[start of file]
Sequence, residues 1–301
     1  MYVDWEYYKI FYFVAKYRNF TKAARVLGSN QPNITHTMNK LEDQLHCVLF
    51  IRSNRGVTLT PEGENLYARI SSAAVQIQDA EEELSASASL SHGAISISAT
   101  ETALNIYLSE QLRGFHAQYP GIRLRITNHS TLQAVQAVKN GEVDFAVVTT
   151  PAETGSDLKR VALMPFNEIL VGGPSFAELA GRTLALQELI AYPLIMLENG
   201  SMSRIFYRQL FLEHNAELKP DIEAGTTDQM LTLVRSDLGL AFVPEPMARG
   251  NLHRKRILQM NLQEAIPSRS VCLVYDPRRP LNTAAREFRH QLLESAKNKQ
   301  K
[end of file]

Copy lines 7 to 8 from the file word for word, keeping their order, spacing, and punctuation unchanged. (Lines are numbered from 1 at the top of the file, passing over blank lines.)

   251  NLHRKRILQM NLQEAIPSRS VCLVYDPRRP LNTAAREFRH QLLESAKNKQ
   301  K